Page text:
LocalMatters       

Homebuilders - Saying “sorry”

Do you find yourself repeatedly making excuses for hurting the people you love, or minimising the hurt that you have done? If so, that is a real warning sign.

The generally agreed idea is that when we say, “I'm sorry, I won't do that again” we mean, we're sorry, and we won't do something like that again. We prove how sorry we are, and acknowledge the hurt we have done, by consciously putting the energy into learning how to behave differently so there isn't a next time.

As guys, it's a sign we need to reach out for help if we keep hurting or abusing the people we love and saying sorry, and then just doing the same thing again.

If we just keep apologising and saying, “Sorry, I promise I won't do it again … etc.,” but then don't take responsibility for changing our bad behaviour, it makes sense that our partners and children will learn that we can't be trusted, and we aren't true to our word. Understandably, their respect for us will decrease too. Children are watching and learning from what we do, not just what we say.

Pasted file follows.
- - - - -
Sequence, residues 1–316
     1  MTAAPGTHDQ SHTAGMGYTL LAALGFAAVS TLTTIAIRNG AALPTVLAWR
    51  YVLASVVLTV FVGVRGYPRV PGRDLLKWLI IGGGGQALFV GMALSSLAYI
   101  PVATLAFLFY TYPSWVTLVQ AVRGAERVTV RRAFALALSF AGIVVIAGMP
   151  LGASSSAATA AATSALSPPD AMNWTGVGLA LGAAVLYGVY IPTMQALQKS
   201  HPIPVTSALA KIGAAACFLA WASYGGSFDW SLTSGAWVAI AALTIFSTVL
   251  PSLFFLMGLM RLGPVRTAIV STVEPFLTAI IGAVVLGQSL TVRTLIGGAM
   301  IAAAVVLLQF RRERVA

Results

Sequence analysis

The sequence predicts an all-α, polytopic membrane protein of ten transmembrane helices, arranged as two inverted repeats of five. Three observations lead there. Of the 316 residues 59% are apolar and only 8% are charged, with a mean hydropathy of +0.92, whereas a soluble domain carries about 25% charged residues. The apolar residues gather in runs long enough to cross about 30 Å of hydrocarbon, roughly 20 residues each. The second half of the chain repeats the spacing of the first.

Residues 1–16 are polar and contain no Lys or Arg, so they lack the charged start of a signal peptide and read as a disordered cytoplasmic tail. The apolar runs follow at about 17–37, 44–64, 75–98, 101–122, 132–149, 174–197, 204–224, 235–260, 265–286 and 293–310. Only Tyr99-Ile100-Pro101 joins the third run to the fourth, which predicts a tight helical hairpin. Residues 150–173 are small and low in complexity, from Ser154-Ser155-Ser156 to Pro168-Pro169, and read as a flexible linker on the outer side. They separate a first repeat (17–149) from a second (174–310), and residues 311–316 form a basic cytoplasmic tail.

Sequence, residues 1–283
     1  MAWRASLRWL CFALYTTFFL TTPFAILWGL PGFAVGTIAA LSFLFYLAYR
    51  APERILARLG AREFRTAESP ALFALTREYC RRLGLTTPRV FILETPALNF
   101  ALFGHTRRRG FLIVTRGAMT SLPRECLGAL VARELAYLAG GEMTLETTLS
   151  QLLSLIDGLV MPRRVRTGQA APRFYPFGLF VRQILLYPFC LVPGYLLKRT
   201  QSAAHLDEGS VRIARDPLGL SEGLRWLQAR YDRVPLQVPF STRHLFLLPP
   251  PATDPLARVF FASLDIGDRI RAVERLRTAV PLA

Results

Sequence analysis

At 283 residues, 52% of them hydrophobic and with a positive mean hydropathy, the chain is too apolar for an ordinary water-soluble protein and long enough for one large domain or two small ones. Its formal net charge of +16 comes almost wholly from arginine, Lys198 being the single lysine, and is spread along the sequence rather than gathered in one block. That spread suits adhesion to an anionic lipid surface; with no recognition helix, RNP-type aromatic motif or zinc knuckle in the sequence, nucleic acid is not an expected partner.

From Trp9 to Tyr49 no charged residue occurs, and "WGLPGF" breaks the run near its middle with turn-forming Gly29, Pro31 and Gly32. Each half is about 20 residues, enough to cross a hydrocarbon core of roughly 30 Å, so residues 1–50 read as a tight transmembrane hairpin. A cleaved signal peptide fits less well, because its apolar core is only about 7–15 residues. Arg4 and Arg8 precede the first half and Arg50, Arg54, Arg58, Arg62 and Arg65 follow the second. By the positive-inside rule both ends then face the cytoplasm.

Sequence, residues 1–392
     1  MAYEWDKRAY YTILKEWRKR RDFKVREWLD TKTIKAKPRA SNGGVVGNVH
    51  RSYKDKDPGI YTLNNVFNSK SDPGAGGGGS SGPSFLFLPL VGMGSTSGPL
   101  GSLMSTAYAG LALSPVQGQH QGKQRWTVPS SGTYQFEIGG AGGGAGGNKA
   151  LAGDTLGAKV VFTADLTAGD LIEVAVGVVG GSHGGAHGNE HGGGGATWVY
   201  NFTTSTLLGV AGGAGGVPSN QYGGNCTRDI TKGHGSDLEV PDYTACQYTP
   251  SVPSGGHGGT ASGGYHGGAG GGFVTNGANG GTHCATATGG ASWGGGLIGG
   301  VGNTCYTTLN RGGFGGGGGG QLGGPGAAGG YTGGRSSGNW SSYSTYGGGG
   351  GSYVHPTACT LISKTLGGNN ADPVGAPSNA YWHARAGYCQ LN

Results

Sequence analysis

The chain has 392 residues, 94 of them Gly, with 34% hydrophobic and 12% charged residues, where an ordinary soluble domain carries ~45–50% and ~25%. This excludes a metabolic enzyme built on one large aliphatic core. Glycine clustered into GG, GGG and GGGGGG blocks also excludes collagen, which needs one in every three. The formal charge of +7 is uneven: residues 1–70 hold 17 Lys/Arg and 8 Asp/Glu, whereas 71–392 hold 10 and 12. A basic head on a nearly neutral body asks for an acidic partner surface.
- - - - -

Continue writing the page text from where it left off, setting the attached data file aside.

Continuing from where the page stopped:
One of the common things guys do when we are behaving in controlling or abusive ways, is to “minimise” our behaviour. In other words, we misrepresent what has happened to make it seem less serious than it is. For example saying, “I only hit you once” or “I only yelled at the kids” are aimed at playing down what has happened. If we hit our partner, we hit her. If you yelled at your children and made them scared, that is what you did. There is no “only” about it.

It can be hard to be honest with ourselves about the effect of our behaviour has on others, especially if our behaviour is abusive and hurting those we love. There is plenty of evidence that we can learn to change. There is excellent support available in our community aimed at helping men develop new ways of relating with respect and equality.

If you want to do things differently, and for your partner and children to respect you and not to be scared of you, it's clever to ask for help.

If you want to find out more, you can contact: It is Ok to ask for help 0800 456 450; Abuse Prevention Services – men's programme, 425 8130; Homebuilders Family Services  425 7048. Support for women: Hestia Women's Refuge 425 0452.


Quentin Jukes, Coordinator
www.homebuildersfs.org